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Contender Q&A: Andrew Garfield

The young actor talks about segueing from 'The Social Network' to 'Spider-Man.'

January 06, 2011|By Glenn Whipp, Special to the Los Angeles Times
  • Golden Globe nominee, SAG ensemble nominee and Esquire Grooming Icon.
Golden Globe nominee, SAG ensemble nominee and Esquire Grooming Icon. (Kirk McKoy / Los Angeles…)

When Andrew Garfield won the role of Spider-Man in July, most people asked, "Who?" Now, after the one-two punch of "Never Let Me Go" and "The Social Network," Garfield has become one of Hollywood's most recognized young actors, picking up a Golden Globe nomination and sharing a Screen Actors Guild ensemble nomination for his work in "The Social Network" and being named … wait for it … an Esquire magazine Grooming Icon for 2011.

"My mum would be, 'Yes, yes, you have lovely hair,'" Garfield says, laughing, while looking at the magazine. "I'm really flattered that these guys have noticed the work it takes to control a lion's mane on a human head."

Garfield, 27, was born in Los Angeles and raised in Surrey, England. He has a slim build and a quick wit that he hasn't yet been able to exploit in any of his film roles. But there's plenty of time. Meanwhile, playing Eduardo Saverin, the young man who bankrolled and was ultimately betrayed by Mark Zuckerberg (played by Jesse Eisenberg) in "The Social Network," Garfield provides the movie with a necessary decency in the crucial role of empathetic observer. It's a subtle, commanding performance, worthy of all the attention.

We spoke recently to the well-groomed Garfield just as he was about to return to London and his family for the holidays:

You've made a number of fine movies, but "The Social Network" is the first to hit commercially.

I've learned you can't second-guess these things. The first film I did was "Lions for Lambs" with Robert Redford directing and Meryl Streep and Tom Cruise starring. It was a very worthy script, and I thought, "This is literally going to define our time." And the film didn't do well at all. People hated it, to be honest.

True. But it was nothing personal.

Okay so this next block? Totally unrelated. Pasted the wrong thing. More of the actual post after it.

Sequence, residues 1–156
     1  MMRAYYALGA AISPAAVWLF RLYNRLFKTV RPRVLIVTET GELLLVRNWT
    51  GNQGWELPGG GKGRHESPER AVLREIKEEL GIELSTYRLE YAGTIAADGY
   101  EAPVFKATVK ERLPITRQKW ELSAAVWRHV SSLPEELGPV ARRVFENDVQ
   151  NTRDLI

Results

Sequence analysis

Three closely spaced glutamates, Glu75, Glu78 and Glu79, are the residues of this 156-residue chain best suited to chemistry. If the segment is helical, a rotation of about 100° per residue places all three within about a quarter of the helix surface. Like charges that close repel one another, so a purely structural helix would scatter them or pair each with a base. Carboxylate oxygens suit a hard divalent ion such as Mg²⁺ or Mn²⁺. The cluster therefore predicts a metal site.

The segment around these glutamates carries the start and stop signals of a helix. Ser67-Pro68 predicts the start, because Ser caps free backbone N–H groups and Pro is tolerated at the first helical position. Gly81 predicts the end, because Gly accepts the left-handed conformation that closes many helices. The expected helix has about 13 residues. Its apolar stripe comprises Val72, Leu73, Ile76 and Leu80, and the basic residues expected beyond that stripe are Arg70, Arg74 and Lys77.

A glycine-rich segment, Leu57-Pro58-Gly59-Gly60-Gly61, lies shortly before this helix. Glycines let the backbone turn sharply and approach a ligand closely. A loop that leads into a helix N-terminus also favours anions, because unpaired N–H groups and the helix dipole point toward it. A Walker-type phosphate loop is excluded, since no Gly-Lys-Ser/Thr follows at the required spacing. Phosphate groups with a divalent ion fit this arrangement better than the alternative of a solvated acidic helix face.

Thank you. What happens after you make a movie can't really matter, but that's easy to say, more difficult to practice. "The Social Network" was the first time I've been able to come away from the process deeply gratified and fulfilled.

Knowing director David Fincher's penchant for perfectionism, it was probably a longer process than you've ever had.

I remember speaking to Jesse before we started shooting, and we were both really concerned. "I like the first take. It's usually the best. You're raw. You're going on adrenaline." So we went in with a preconceived notion about how negative the experience was going to be.

But you came out a convert?

Yes, because what David affords actors is freedom and not having to get it right. By focusing on getting it right, you're going to do something tight or pedestrian because you're trying to hit something in a way you deem correct. David makes you go again and again until you trip up and something spontaneous happens. In not having to get it right, you get it right.

What was your record for repeated takes?

Somewhere in the 70s. But that first scene between Jesse and (Mara) Rooney … 99 takes.

I imagine it won't be hard to find an audience for your next movie … the Spider-Man reboot.

(Laughs) What if no one sees it? It'd be hilarious. Maybe there'll be boycotters. My self-sabotaging makes me want to head the boycott.

But this is the role you've played since you were a child.

Yes. On Halloween. Bedtimes. Tuesdays. When I was auditioning, my parents sent me a photo of me as a kid in the Spider-Man costume. I gave it to my agent, and my agent slipped it to the studio as they were making their decision.

What skinny kid wouldn't love that character? I can't overstate enough when you start to actually identify what's happened and you go, "Yeah, I did dream of being Spider-Man when I was a kid." I'm trying not to lose my mind about it. But it's not superficial to me. It's not frothy or frivolous.

That sense of responsibility nicely dovetails into the character, doesn't it?

Yes, the overriding theme of the comic is: With great power comes great responsibility. And, yes, I feel a huge sense of pressure and responsibility.

I didn't mean to add to it.

Oh, my God. There's no way you could add to it. It's infinite and never-ending.

But … um … hopefully fun too, right?

(Laughs) We're two weeks in. The first week was full of stunts, and I've never felt happier in my whole life. I'm all bruised and scratched up, and it feels really good. It's just me throwing myself up against walls, which is incredibly fun and painful and testing my manhood. It's a childhood fantasy I'm living out.


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